This claim needs to be put into perspective: 80% of the UK economy is economic activity within the UK. This is UK citizens and UK businesses buying UK goods and services. Of the 20% of the UK economy that depends on international trade, around half (i.e. 10% of the total) is trade with the EU. Of that 10%, a sizeable number is services and investment income, which aren’t subject to tariffs.
Regarding ‘trade in goods’, EU trade figures are artificially boosted by the ‘Rotterdam and Antwerp effect’ – this is where UK exports to non-EU countries are sent via transhipment centres such as Rotterdam and Antwerp. Sadly this ‘trade in goods’ is counted as ‘EU exports’ even though their ultimate destination is outside the EU. It is distortions like the Rotterdam and Antwerp effect that make it difficult to gauge the exact degree the EU affects our economy.
Therefore, roughly 5-8% of the British economy is ‘trade in goods’ with the EU. More conservative estimates have suggested 10%. There is no reason why this trade shouldn’t continue, however, as we are the EU’s biggest customer. It will continue to sell to us and we will continue to sell to it. Outside the EU, however, our economy will be free from compulsory EU rules and regulations that are holding EU economies back.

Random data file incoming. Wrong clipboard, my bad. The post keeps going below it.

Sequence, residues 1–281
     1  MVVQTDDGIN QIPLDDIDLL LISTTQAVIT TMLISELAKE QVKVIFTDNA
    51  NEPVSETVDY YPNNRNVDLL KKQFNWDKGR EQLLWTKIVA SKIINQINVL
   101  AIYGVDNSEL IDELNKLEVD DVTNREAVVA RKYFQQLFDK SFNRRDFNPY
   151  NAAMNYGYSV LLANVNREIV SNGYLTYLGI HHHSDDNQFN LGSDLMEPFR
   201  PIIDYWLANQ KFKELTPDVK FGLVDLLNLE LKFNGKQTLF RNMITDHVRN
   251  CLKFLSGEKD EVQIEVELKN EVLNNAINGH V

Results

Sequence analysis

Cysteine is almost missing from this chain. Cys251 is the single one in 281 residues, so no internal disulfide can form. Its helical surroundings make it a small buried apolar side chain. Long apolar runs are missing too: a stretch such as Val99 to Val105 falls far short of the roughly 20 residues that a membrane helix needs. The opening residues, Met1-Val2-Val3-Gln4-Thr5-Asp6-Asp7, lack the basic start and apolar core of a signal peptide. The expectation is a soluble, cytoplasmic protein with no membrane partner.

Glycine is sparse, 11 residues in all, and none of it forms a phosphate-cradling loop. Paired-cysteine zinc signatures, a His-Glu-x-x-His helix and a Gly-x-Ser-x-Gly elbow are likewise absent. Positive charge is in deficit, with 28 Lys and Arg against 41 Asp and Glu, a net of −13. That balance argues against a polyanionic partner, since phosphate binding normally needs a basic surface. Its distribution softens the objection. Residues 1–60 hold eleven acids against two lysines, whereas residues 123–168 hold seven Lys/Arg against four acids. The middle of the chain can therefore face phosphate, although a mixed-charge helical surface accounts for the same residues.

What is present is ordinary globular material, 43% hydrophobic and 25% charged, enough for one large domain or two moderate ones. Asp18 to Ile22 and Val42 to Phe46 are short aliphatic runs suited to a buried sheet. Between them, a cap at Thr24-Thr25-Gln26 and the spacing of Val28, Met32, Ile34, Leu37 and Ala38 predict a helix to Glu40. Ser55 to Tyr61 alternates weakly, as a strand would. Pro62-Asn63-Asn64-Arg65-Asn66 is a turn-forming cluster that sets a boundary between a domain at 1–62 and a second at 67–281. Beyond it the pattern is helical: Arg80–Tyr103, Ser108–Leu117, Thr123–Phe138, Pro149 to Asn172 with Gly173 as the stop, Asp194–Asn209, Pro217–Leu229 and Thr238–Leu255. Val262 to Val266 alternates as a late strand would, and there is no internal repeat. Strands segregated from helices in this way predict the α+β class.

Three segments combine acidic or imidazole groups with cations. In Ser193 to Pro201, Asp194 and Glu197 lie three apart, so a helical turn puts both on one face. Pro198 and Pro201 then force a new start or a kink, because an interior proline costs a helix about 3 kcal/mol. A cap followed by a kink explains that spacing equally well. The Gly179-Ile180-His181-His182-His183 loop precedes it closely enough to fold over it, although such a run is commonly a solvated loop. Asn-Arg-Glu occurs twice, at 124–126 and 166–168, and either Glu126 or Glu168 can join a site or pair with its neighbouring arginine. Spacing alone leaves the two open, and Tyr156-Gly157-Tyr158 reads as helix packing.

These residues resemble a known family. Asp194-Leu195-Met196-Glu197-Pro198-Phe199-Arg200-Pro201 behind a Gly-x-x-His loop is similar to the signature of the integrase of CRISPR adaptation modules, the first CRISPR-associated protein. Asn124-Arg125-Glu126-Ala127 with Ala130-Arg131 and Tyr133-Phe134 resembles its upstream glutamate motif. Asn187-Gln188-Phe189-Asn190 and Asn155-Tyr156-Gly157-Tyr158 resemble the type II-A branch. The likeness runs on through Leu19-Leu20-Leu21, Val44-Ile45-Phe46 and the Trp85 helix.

When we leave the EU, Britain won’t be alone. Great Britain is a global nation with extensive, historic trading links across the world. Outside the European Union we will reclaim our seat at the World Trade Organisation, a seat we vacate because the EU currently speaks for us during WTO trade talks. From that position we will be able to negotiate our own trade deals with emerging, successful economies and generate new jobs in the UK.
To reiterate, trade with the EU will continue. Article 3 of the EU Lisbon Treaty says that “in its relations with the wider world, the Union shall contribute to free and fair trade”. Article 8 says “the Union shall develop a special relationship with neighbouring countries, aiming to establish an area of prosperity and good neighbourliness”. Incidentally, the EU sells more to us than we do to it. We want a friendly relationship to continue, but we object to EU rules holding back the 90% of the British economy that has nothing to do with it.
Thanks to Get Britain Out